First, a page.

I started Donna Tartt‘s The goldfinch (2013) towards the end of June, on holiday. There was a hardback there where we were staying and it was urged on me. I got over half way but it was too big – 784 pages – for the suitcase so I didn’t bring it back with me. I bought the paperback – now ‘grown’ to 864 pages – but it just lay there on the Welsh dresser gathering dust while I caught up with other stuff (a book from a library waiting list, book group, real life). But when I picked it up again a couple of weeks ago it was like I’d never been away. Donna Tartt is one vivid writer. People, places and emotional spaces. I sped through. Fantastic book, glorious ending. Do not hesitate.
Terrorist bombing in a New York art gallery. 13-year-old Theo Decker’s bohemian single mum is killed, he gets out with a unique painting – the Dutch Master goldfinch of the title. He spends time with rich school buddy’s folks and meets an antique shop restorer and owner. I’ve already left one crucial romantic thread out. Legal stuff because of his age means he ends up with estranged father and moll on the desert fringes of a failed real estate venture on the outskirts of Vegas. Meets up with Russian kid Boris for a couple of years of slacker delinquency. Epic solo Greyhound bus ride back to NY with hidden dog. Makes a go of it with the antique dealer and meets up with the tragic rich kids’ family again. Dodgy antiques dealings, meets up with Boris again, now an international criminal. Mechanics of the stolen art market, In Bruges sort of happenings in Amsterdam. Back to NY eventually, surprise denouement, and aforementioned glorious soaring ending. By that time I think he’s reached his late 20s. Phew. And a whole lot more.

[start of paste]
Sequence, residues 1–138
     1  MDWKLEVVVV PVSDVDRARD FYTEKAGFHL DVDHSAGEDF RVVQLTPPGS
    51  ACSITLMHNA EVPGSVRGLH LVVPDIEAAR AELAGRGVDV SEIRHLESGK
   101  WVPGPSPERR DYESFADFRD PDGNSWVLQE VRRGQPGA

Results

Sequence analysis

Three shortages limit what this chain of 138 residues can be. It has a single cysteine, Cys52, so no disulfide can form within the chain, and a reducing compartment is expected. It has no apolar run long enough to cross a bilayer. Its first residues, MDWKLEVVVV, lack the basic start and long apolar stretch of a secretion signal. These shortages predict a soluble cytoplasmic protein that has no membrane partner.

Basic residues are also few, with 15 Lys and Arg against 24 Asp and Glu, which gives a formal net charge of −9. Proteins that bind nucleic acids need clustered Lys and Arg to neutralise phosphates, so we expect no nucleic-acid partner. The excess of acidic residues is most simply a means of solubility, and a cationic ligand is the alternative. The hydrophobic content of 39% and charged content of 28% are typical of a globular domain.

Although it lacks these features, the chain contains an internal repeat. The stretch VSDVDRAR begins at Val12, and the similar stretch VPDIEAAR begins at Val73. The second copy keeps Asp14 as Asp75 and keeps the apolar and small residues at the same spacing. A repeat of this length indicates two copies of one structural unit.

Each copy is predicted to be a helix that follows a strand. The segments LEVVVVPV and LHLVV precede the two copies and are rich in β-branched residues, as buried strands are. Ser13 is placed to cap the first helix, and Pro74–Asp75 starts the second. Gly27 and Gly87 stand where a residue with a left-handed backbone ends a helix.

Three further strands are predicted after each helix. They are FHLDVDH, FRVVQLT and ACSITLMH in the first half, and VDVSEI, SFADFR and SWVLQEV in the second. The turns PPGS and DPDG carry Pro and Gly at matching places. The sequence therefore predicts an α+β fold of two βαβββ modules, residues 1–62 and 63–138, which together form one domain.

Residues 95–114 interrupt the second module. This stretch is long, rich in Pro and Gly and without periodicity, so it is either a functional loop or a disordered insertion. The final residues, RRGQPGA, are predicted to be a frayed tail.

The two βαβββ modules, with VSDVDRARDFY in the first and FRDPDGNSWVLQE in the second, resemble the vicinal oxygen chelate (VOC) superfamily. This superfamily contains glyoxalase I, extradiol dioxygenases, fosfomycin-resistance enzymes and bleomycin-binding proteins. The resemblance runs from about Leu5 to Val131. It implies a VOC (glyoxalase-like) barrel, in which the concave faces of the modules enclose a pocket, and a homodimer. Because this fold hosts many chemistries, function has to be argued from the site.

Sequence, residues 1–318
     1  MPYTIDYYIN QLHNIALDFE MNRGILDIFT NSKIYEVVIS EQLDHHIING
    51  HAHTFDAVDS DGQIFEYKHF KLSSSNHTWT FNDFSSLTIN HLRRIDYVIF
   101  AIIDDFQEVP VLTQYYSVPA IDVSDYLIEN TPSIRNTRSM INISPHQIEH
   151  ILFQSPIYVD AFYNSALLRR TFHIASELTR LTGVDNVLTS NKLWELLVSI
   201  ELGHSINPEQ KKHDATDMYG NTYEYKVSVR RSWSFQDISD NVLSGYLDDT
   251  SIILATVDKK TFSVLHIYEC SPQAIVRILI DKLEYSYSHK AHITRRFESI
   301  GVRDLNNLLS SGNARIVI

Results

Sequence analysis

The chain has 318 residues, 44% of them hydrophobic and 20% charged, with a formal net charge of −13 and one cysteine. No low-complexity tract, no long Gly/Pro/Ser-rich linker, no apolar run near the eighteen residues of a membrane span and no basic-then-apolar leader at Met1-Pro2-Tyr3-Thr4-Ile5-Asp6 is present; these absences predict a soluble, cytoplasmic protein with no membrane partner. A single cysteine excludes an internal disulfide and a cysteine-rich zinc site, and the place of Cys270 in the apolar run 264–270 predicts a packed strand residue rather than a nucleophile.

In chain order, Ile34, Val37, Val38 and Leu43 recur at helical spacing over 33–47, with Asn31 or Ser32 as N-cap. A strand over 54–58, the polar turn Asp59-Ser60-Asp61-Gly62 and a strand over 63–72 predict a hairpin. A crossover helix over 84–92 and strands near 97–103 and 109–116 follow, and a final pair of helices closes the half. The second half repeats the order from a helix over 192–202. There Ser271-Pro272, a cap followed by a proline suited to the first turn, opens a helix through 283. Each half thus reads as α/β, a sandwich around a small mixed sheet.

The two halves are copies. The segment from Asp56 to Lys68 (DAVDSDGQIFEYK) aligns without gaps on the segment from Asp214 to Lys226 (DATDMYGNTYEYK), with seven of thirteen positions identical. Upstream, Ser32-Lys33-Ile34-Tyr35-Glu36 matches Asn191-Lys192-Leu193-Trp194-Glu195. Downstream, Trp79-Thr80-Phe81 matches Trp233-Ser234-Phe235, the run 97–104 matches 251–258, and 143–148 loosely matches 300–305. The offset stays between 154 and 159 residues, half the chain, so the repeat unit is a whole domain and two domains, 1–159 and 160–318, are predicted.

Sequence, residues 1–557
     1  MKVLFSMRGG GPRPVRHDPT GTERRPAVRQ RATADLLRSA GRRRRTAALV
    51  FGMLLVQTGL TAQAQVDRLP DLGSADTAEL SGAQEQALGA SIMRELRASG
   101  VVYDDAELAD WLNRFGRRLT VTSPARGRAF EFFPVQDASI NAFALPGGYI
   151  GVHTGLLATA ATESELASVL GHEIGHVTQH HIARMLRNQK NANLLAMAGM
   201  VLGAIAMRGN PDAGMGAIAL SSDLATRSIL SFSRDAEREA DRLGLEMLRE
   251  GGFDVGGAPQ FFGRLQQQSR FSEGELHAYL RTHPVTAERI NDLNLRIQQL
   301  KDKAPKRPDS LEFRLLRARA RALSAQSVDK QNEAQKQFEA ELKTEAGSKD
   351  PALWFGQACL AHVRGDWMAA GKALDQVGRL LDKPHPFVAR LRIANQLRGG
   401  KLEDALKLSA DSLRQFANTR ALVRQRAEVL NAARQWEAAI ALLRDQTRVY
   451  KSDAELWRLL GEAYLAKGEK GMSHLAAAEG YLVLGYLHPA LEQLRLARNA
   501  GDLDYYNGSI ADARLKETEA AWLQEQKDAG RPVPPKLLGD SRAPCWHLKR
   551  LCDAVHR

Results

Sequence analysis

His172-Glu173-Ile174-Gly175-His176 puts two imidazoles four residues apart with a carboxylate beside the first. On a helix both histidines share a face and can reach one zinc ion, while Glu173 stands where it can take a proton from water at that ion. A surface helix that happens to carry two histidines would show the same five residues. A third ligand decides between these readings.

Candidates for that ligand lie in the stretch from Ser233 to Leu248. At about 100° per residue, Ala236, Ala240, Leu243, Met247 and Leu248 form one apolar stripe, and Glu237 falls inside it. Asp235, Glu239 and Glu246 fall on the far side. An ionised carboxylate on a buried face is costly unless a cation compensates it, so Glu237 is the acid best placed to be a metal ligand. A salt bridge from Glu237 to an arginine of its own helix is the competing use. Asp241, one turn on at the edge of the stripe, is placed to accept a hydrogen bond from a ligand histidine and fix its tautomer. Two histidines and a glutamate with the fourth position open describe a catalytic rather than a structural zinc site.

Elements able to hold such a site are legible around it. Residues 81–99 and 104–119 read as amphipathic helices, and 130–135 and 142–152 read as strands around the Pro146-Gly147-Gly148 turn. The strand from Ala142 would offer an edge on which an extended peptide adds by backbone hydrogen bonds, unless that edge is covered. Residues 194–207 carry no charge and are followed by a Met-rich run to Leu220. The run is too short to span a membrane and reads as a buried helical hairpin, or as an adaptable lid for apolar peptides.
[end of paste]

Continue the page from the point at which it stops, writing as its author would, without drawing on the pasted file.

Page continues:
Dickensian for sure, but without the complex sentence structure, and cut with, I think it’s fair to say, a dash of modern world Ripley mode Patricia Highsmith. Great dialogue and, as I’ve said, incredibly vivid prose. The description of what happens in the explosion in the art gallery is just stunning. Here’s how vivid: there’s a passage where Theo tries to end it all (no great spoiler here, given he’s the narrator and there’s a way to go yet) with a combination of booze and drugs; while reading this I dozed off and spilt a cup of coffee in my lap. OK, I’d woken up way too early that day. But, trust me: she takes you there. Dramatic and contemplative, always a page turner, but still concerned with – well, basically – the human condition, the ambiguities of morality. Discussing events: “I think this goes more to the idea of ‘relentless irony’ than ‘divine providence’.” Relentless irony!
As regular readers here at Lillabullero will know, I’m likely to pepper you with quotes, tasters. I usually take the odd note as I read a book, but I soon realised with one like this life was too short. But as it happened I’d spent some time with a friend who had a black and white art print of an outtake from the photo sessions for the Freewheelin‘ cover about to go up on his wall and the fine passage that follows was on pretty much the first page I read in The goldfinch when I got back. Jungians like to call this sort of thing synchronicity though I’ll stick with happy coincidence. This is how Theo Decker was feeling one day as he walked the narrow streets of Greenwich Village: